BBC’s Bitesize Offers Banquet of Online Learning

It’s rare to come across an engaging, all-inclusive digital learning portal like I did this week when I came upon the BBC’s Bitesize education websites. I was actually looking at an old site, Skillwise, which is still good and recommended, but its nothing like what the blokes at the BBC have been working on lately. Here in the United States you would expect to pay a few hundred bucks, or at least a good thousand bucks for access to this kind of learning (think BrainPOP and IXL Math), but the folks in the UK still believe in the government’s role in funding public education, and they are doing a much better job of bringing technology to their students for free .

A full review of Bitesize  is still in the works, and with so many lessons, games and activities it will take a while to truly explore all of the content. But here is a rough synopsis and links to some great starter content:

Bitesize is divided into 3 main areas, KS1 for the youngest kids, KS2 for those 7-11 year-old students, KS3 for the 11-14 crowd and then another level, GCSE for the upper secondary. Each site includes classroom-ready tools that are guaranteed to engage students. Take Questionaut, for example. It is simply put, one of the finest, most beautifully designed flash games I have ever seen. Students have to use their Maths, Language and Science skills to navigate through different tiny worlds where the user has to answer multiple choice questions, but the engaging part is in the actual game activation. The questions do not appear automatically, but have to be figured out from the items in the planet’s environment. Today my students and I played all 8 levels and they stayed glued to their seats, while maintaining an impressive eyeball-to-screen ration the whole time. It is geared towards the 11-14 age group, so it was perfect for my 6th graders.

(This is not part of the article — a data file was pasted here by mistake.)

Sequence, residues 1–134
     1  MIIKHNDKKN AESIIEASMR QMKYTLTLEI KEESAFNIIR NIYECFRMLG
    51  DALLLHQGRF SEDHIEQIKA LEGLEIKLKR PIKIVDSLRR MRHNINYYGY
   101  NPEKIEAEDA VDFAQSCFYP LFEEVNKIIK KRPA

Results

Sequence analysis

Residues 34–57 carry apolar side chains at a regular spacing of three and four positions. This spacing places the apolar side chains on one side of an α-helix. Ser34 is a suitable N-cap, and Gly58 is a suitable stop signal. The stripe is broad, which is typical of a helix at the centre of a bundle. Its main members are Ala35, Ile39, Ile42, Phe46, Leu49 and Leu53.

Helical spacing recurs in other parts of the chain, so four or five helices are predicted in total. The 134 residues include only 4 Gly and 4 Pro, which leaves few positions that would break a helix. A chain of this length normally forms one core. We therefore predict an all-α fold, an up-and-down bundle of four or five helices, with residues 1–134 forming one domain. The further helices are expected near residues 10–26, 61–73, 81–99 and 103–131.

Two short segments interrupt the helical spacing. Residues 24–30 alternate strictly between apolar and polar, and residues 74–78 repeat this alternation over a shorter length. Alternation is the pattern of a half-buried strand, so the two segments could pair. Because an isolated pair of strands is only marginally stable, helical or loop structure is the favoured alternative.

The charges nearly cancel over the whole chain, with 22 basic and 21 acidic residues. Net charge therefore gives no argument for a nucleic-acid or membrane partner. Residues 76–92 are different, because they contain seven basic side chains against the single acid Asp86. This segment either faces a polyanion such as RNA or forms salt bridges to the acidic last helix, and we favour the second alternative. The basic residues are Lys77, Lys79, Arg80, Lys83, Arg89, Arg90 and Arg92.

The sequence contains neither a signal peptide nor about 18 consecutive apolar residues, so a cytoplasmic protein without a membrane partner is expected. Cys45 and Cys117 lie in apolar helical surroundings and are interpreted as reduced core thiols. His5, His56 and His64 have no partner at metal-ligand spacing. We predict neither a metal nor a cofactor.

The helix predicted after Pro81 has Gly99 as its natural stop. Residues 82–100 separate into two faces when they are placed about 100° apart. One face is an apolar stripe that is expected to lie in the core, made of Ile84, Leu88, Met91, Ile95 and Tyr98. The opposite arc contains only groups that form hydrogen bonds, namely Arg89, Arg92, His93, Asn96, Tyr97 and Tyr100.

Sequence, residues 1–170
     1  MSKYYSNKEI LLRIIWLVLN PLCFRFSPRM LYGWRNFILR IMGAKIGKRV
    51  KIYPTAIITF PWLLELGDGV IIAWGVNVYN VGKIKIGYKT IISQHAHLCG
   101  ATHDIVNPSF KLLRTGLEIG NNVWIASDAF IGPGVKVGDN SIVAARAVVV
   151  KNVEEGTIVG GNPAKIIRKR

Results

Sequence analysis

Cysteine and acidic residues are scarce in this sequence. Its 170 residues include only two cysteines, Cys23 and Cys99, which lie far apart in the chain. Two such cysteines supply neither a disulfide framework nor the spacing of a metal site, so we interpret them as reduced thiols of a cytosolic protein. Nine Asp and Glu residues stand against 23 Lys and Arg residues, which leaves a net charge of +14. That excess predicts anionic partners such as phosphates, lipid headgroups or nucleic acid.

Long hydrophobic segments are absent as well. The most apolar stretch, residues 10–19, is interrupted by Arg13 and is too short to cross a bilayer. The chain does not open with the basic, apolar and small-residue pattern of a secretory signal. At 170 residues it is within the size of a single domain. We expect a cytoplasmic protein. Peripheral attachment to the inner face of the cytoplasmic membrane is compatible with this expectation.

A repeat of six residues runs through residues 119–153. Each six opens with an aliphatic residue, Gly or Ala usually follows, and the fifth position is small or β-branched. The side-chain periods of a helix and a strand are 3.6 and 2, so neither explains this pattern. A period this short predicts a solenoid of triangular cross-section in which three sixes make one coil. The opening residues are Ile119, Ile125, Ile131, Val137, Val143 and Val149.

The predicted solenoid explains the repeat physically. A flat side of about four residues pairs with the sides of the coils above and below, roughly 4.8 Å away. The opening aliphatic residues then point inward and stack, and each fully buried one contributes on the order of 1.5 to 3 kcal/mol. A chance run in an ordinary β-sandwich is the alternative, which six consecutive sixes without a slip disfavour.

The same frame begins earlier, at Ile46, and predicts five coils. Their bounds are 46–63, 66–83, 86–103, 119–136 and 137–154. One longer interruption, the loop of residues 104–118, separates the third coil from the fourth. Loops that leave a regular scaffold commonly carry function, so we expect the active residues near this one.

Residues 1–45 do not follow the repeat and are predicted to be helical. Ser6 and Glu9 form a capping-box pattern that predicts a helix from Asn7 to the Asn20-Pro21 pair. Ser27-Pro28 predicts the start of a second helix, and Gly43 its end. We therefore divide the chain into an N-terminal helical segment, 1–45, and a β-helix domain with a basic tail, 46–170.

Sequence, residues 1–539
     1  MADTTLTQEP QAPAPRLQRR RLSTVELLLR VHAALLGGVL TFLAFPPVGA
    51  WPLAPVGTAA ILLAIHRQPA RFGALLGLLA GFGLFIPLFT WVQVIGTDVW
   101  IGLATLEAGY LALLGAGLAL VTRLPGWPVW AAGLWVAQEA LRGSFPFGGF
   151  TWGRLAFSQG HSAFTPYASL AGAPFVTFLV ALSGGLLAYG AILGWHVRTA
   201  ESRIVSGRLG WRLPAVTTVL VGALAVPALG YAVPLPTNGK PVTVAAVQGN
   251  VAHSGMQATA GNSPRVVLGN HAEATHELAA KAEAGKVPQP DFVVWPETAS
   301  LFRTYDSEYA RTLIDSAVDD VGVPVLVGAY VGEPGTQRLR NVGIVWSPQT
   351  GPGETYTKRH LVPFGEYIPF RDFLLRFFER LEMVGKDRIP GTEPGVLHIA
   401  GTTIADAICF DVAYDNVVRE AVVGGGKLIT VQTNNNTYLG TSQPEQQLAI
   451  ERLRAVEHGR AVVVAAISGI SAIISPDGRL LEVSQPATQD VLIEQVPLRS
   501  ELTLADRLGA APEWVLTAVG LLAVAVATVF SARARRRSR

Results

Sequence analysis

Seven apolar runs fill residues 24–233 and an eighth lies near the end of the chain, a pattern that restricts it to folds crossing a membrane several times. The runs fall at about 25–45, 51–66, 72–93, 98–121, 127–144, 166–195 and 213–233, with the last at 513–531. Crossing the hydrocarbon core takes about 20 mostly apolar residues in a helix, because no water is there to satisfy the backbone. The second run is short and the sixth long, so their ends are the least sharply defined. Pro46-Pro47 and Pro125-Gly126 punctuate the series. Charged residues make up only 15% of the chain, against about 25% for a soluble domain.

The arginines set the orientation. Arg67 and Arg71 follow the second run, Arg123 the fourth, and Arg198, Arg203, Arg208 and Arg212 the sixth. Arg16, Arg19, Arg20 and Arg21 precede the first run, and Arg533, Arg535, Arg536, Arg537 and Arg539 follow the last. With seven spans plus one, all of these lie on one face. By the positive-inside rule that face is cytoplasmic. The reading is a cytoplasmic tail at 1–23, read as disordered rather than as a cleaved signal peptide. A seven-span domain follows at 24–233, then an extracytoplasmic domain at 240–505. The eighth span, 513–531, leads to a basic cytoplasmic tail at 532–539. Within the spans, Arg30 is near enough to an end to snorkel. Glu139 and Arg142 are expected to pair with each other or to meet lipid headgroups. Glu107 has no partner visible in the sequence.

KS2 offers some great material on Reading, Spelling, and Grammar, which will be very useful to those struggling to learn the basics. Even KS1 might be useful to those who are completely new to the English language, and the games are not too childish to turn off older students. KS3 offers a more mature sense of humor in its lessons. For example the lesson on clauses and types of sentences features a HAL-like computer teaching the lesson using sentences that talk about first kisses that are sure to hold any newly minted teen engaged in what would normally be a boring English lesson.

But it’s not all about games. The lessons are standards-based, and take a learner trough all the requirements of instruction, including learning through reading and direct teaching of concepts, followed by a flash activity, and finally an assessment of the standard. Here is where I think this site stands above all others. The quality and scope of the content are without match in free sites.  There are simply so many activities and lessons that it will be hard to get through them all. And if you are worried about standards correlating to your local standards, I guarantee you will find that the UK’s standards are not that different. Every lesson has some discrepancy to US English, but these hardly detracts from the overall success of this site.

The lessons and content lend themselves well to both single-presentation arrangements, or for use in a multimedia/computer lab. My students all participated in the direct lesson on the LCD and this Friday they will have a chance to explore the site further on their own, with some guidance of course, as it will be easy for them to get lost in all of that amazing content.

Teachers can also access the suggested lesson plans and students can chat in a social-networking forum to share ideas and ask for help in revision (the British term for Reviewing).

More posts on this subject should be forthcoming, so keep reading. I haven’t even tried the High School material yet, which includes many more subject areas than just English, Maths and Science. They also include a few very high-quality games like the foreign language mystery Destination Death.

Maybe a review of each game is in order and perhaps, if  a form is created, students could be involved in separating the good from the great.